Grape News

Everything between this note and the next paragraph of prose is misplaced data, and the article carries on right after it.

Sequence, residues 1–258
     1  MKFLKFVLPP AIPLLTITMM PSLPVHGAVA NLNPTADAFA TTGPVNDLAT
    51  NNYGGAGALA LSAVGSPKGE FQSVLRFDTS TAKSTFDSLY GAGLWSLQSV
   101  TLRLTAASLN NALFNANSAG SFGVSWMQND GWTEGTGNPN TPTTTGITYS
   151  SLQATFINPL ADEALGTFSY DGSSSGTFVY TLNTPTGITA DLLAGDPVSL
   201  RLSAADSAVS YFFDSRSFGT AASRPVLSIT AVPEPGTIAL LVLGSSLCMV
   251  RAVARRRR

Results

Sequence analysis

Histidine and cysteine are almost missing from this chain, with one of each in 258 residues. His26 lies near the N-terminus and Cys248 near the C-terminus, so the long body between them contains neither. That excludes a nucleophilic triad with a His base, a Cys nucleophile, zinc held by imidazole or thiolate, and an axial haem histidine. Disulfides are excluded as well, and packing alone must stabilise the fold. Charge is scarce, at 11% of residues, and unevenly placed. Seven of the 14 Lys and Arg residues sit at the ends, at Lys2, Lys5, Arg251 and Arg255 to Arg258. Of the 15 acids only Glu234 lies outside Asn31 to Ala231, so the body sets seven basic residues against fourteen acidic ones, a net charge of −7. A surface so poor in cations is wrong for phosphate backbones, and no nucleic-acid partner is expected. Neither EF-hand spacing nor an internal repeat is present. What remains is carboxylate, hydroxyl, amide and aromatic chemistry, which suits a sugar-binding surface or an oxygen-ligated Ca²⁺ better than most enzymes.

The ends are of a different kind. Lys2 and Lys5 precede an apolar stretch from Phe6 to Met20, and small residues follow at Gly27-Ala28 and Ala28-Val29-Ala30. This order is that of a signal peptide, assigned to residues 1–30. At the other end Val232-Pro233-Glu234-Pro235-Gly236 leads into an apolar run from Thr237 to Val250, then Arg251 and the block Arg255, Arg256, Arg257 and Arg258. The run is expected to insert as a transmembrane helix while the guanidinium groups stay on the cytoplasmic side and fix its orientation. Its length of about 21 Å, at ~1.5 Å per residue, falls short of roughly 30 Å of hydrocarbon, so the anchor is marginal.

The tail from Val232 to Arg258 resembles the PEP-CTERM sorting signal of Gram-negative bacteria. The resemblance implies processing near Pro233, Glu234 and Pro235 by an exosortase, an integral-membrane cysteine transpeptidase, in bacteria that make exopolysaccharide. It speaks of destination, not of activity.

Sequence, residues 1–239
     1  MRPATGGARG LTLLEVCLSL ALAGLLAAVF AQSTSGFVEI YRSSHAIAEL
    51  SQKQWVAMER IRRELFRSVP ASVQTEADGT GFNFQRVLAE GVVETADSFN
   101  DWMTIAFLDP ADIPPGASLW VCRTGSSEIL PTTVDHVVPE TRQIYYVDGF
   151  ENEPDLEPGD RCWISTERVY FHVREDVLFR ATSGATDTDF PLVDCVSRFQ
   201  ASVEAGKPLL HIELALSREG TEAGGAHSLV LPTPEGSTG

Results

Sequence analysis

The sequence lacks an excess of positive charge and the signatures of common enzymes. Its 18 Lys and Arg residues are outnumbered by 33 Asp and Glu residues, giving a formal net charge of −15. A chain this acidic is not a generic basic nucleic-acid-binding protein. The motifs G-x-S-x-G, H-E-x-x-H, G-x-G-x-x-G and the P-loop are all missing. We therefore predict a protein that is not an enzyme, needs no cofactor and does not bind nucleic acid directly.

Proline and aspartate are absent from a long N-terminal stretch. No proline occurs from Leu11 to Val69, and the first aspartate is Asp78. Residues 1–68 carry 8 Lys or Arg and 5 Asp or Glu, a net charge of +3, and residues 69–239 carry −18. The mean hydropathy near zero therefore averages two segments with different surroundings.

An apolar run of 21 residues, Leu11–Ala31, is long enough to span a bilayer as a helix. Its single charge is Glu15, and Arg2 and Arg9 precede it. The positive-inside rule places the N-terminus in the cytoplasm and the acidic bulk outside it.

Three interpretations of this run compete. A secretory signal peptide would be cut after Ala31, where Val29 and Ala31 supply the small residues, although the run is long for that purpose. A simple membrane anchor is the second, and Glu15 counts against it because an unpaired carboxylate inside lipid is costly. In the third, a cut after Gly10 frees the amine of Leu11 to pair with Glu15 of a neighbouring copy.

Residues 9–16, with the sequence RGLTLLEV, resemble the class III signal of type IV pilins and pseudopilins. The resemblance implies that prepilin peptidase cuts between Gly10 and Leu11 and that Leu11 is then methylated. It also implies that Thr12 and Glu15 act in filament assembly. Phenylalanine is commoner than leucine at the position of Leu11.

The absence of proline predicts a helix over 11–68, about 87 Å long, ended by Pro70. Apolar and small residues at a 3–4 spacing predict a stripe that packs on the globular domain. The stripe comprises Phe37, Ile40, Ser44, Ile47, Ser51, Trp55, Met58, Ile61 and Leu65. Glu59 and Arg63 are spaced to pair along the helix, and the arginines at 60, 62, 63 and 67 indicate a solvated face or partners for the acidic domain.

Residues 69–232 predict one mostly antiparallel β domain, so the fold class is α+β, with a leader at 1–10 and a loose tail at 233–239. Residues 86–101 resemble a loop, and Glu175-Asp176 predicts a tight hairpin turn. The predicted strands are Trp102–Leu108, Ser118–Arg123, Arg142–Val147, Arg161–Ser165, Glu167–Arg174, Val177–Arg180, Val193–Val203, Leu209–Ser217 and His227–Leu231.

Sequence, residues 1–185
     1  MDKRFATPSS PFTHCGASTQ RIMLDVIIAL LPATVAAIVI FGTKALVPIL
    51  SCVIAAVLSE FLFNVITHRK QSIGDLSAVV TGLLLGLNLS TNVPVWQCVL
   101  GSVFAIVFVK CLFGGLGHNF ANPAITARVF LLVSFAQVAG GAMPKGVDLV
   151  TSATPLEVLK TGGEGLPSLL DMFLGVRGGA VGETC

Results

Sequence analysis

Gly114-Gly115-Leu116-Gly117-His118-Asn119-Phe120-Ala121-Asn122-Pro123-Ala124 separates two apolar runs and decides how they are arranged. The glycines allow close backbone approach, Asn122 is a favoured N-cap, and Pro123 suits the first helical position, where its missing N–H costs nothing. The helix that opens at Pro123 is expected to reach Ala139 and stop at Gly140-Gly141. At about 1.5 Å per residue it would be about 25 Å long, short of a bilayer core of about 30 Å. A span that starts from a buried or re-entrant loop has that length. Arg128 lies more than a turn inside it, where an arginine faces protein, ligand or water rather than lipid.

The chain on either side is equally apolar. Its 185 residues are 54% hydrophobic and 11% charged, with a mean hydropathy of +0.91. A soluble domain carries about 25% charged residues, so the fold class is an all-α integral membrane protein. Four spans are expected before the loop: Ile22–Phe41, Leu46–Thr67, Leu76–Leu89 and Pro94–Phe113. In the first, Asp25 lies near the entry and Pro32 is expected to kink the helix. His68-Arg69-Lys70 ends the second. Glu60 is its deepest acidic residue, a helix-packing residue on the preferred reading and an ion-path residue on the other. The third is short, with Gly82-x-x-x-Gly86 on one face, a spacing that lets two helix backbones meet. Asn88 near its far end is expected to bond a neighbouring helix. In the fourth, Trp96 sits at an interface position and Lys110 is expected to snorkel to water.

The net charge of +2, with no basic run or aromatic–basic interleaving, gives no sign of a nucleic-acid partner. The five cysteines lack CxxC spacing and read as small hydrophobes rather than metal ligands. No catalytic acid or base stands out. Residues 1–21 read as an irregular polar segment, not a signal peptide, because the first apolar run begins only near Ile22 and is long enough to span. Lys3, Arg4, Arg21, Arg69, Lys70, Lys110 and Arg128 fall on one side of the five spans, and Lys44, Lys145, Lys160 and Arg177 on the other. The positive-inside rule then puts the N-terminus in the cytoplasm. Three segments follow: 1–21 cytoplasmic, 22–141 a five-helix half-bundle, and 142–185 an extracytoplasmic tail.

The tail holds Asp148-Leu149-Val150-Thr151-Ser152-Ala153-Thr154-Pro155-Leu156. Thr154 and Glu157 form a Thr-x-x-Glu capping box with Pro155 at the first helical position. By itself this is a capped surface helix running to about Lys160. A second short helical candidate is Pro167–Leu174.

Washington grape growers and winemakers are still prowling the fields in their eternal quest to find the perfect balance between structure and ripeness, but back in their offices, it's business as usual. In the three weeks I was on vacation, these are some of the notable bits of news that arrived in my inbox: Walla Walla's troubled Glen Fiona label, having lost some of its initial sheen after the departure of founding winemaker Rusty Figgins, has achieved a measure of administrative stability, though at the cost of a loss of independence. Glen Fiona was acquired early this month by Woodinville's publicly owned Washington Wine & Beverage Co., best known for its Silver Lake line of wines. Silver Lake assistant winemaker Michael Haddox, a Chateau Ste. Michelle alum, takes over winemaking duties, but he promises to continue using the "natural, low intervention methodologies" that, most recently, earned Glen Fiona's signature syrah a 90-point rating for the '01 vintage. WW&B will maintain a Glen Fiona tasting room in Walla Walla; more important for Puget Sounders, Glen Fiona wines will be available for sampling and purchase daily in Silver Lake's Woodinville tasting facility. Branding continues to make strides toward simplifying consumer choice in the fragmented wine marketplace. Having shocked the market—and attracted the attention of Fortune magazine—with the phenomenal success of Fat Bastard (modestly priced multivineyard French shiraz and chardonnay blends), Peter Click's Seattle-based Click Wine Group has been scoping out new terrain to brand. The latest items on the list include a $10-retail red called Mad Dogs & Englishmen (paradoxically a cab-syrah-monastrell blend from the Spanish region of Jumilla) and the company's first domestic brand, Flying Fish Merlot, made from Columbia Valley fruit and targeted for restaurant distribution. But Click isn't neglecting its traditional emphasis on importing Australian wine, which formed its exclusive focus when the company kicked off 15 years ago. Indeed, last week the company took over Fox Sports Grill for a four-hour "seminar" and tasting of Australian product, featuring winemakers from six important Oz properties including Nepenthe, Sticks, and McLaren Vale's Kangarilla Road. Get this! Walla Walla winemaker Charles Smith has earned notoriety (look no further than the October issue of Wine & Spirits) for his shaggy-biker look and robust lifestyle, but he's also earned respect for his luscious, fragrant, and firm small-production wines, most notably his "K" syrahs from Walla Walla and the Wahluke Slope. Now he should earn the abject adoration of all fine-red-wine lovers on a beer budget for his 2002 House Red, an astonishingly ripe, complex blend comparable to many fine single- vineyard bottles in the $30 range but priced at just $10. Smith made 16,000 cases of this little wonder. Go to your wine shop and insist on getting some. rdowney@seattleweekly.com

 
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